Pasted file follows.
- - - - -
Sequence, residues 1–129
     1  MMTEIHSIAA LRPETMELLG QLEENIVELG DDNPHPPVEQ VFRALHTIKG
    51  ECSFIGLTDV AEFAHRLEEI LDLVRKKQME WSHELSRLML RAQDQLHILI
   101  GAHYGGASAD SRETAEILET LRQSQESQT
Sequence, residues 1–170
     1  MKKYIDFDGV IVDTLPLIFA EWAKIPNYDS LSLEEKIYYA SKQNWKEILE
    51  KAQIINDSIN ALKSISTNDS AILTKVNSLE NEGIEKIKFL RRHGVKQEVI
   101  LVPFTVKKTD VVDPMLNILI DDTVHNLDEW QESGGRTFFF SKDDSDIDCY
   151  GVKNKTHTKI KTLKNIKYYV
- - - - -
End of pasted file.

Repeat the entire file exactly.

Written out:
Sequence, residues 1–129
     1  MMTEIHSIAA LRPETMELLG QLEENIVELG DDNPHPPVEQ VFRALHTIKG
    51  ECSFIGLTDV AEFAHRLEEI LDLVRKKQME WSHELSRLML RAQDQLHILI
   101  GAHYGGASAD SRETAEILET LRQSQESQT
Sequence, residues 1–170
     1  MKKYIDFDGV IVDTLPLIFA EWAKIPNYDS LSLEEKIYYA SKQNWKEILE
    51  KAQIINDSIN ALKSISTNDS AILTKVNSLE NEGIEKIKFL RRHGVKQEVI
   101  LVPFTVKKTD VVDPMLNILI DDTVHNLDEW QESGGRTFFF SKDDSDIDCY
   151  GVKNKTHTKI KTLKNIKYYV